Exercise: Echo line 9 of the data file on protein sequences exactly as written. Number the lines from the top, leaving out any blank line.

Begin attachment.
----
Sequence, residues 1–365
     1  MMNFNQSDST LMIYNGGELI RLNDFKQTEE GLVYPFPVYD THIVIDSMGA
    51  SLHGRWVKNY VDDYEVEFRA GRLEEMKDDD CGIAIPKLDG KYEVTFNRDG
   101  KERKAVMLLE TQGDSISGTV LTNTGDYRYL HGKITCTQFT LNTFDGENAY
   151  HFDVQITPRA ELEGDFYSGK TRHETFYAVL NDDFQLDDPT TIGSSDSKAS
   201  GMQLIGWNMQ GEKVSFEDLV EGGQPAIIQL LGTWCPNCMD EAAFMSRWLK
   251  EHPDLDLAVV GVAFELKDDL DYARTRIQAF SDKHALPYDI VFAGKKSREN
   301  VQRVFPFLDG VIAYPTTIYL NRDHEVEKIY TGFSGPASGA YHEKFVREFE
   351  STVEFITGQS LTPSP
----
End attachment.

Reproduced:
   351  STVEFITGQS LTPSP